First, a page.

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Re: Laws of physics and old history; BM stiffness.

Hello Peter,

Yes, the oscillating elastic beam is formed by the whole cochlear partition (CP), not only by the BM (basilar membrane). There appears to be longitudinal coupling of CP elements. According to the first of the papers mentioned yesterday by Prof. David Mountain, however, in gerbil the coupling range is only +-16.7 micro-m (1.6 mm from base) and +-34.5 micro-m (8.1 mm from base). These coupling ranges are small compared to the wavelength of the cochlear travelling wave (at least in most of the relevant cases), so it appears reasonable to treat the CP as a series of independent beams (oriented in the sideways direction). Because of the organ-of-Corti cells, the oscillations of the beams are expected to be strongly damped. This is confirmed to a degree, e.g., by Fig. 1 of the paper "Reverse transduction measured in the isolated cochlea by laser Michelson interferometry", by Mammano and Ashmore, Nature 365 (1993) 838-841. The oscillations at the beginning and at the end of the rectangular current pulse sent through the CP are strongly damped. The Q-value (resonance frequency divided by -3-dB resonance-peak width) of the Claudius-cell oscillation is about 4. A part of that damping is due to the generated oscillation of the liquid particles above and below the CP, but damping caused by CP structures is probably significant, too.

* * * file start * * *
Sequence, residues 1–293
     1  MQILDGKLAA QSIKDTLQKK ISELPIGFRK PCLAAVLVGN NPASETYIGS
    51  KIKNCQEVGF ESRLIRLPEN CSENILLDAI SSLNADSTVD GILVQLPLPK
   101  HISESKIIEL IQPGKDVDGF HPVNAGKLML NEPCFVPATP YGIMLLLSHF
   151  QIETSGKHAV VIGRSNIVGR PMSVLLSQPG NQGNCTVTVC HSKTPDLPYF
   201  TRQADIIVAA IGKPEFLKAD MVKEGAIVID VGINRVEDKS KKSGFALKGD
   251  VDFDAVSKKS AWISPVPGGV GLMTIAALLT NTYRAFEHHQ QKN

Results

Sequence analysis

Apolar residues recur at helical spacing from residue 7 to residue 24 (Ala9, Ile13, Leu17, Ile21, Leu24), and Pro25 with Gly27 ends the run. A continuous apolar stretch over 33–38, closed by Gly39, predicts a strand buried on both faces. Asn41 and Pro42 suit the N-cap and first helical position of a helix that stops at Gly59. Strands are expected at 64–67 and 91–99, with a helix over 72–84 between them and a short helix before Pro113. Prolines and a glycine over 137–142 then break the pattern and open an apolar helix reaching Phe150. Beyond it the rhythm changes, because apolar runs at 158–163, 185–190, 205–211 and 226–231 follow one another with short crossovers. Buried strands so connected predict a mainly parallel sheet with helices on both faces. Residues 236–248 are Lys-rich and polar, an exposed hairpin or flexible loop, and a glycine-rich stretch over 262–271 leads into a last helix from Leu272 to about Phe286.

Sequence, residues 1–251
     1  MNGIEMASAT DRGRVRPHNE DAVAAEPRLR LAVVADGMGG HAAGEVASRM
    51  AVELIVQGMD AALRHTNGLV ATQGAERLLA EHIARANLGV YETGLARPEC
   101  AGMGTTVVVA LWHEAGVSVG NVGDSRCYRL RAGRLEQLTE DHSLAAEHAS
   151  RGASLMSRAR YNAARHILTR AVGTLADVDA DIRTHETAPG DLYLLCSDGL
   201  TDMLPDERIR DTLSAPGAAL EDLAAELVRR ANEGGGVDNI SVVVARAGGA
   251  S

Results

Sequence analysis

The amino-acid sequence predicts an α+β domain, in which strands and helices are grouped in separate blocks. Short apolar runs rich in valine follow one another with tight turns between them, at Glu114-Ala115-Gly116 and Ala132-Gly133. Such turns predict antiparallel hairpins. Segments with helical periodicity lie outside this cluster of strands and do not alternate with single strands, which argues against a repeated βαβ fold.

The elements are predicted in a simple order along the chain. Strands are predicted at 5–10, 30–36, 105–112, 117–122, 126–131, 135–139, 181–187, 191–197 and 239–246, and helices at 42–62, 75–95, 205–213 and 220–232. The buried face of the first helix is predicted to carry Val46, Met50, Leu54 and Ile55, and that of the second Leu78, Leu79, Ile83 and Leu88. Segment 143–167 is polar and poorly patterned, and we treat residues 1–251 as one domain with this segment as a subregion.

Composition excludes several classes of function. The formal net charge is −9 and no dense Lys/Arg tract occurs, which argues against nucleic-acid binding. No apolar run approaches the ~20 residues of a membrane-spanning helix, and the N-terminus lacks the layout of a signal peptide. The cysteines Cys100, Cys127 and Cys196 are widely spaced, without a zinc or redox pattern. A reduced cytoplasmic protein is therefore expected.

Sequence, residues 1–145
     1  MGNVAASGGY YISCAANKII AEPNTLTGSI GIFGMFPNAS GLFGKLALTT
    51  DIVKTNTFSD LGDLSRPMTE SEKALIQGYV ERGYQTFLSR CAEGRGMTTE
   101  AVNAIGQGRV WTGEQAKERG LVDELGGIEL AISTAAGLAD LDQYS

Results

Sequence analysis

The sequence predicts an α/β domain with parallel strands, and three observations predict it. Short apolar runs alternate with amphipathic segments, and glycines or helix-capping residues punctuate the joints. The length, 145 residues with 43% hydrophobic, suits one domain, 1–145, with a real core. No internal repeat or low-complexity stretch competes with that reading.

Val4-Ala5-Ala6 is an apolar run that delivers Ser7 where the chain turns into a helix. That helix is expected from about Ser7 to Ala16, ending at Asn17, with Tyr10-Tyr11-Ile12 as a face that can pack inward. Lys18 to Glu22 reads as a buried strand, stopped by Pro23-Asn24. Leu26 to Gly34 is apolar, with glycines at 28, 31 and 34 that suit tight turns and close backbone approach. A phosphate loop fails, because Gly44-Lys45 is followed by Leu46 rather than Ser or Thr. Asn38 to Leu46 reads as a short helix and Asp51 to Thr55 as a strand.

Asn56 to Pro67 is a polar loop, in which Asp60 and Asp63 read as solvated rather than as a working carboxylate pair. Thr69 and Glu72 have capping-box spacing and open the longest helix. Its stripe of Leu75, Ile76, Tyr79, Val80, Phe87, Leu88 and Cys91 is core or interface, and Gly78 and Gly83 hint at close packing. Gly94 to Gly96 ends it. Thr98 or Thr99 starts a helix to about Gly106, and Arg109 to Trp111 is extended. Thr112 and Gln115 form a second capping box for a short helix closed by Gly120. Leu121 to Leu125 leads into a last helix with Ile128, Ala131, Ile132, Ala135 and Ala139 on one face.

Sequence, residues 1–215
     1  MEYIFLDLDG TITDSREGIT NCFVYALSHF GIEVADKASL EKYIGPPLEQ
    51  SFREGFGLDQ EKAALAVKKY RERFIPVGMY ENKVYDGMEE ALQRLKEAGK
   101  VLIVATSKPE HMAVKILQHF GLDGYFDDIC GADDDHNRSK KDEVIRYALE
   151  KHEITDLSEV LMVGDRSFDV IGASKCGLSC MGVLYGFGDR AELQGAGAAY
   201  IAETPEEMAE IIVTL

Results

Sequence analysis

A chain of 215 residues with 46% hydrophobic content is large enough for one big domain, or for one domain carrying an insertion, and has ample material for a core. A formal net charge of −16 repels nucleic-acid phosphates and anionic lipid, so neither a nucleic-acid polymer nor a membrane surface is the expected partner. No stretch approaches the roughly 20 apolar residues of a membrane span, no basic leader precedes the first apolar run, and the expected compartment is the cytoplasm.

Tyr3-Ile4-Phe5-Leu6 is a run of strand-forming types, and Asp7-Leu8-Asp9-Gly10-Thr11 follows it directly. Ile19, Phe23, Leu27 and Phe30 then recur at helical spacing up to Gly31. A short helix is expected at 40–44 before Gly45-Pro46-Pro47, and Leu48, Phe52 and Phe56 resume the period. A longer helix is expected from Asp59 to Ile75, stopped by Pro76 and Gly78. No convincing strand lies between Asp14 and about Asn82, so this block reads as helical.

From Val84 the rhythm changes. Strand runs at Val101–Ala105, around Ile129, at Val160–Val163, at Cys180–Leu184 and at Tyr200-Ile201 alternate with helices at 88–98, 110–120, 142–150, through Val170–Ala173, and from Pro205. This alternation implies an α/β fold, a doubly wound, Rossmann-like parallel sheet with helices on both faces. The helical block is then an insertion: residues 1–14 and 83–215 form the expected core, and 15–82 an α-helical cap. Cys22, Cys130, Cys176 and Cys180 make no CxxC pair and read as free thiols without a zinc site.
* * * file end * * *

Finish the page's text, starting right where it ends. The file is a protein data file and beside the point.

The dependance of the mammalian CP stiffness (at liquid-pressure differences across the CP so small that the CP centre-of-mass displacement is a few hundred nm or less) on distance-from-base is still not definitely known, I believe. In my contribution to the MoH-Workshop at Keele (2008), I tried to derive the gerbil CP stiffness from CP oscillation mesurements of Ren et al. I found:

S(x) = S_0 * exp(-alfa*x); S_0 = 4.16*10^10 N/m^3; alfa = 1260 m^-1. If that that formula (based on near-base data only) could be assumed to hold at larger distance-from-base x too, it would yield S(0) / S(10mm) = 3 * 10^5. 
Reinhart Frosch,
CH-5200 Brugg.
reinifrosch@xxxxxxxxxx .

----UrsprÃngliche Nachricht----
Von: pwj.vanhengel@xxxxxxxxx
Datum: 14.11.2011 10:21
An: <AUDITORY@xxxxxxxxxxxxxxx>
Betreff: Re: Laws of physics and old history; BM stiffness.

Dear list,

just a word of caution: the stiffness term used in cochlea models
(transmission line models) should not be confused with the stiffness of
the BM fibers. The stiffness term in these models represents an overall
stiffness of the cochlear partition, and thus includes more than the
stiffness of the BM fibers. Relating the two directly, or even asssuming
they are the same, may lead to misinterpretation.

I do, however support the remark by dr Frosch that depending on the way
in which the beams are fixed at their ends, the stiffness of the BM may
decrease by several orders of magnitude from base to apex.

All the best,
Peter van Hengel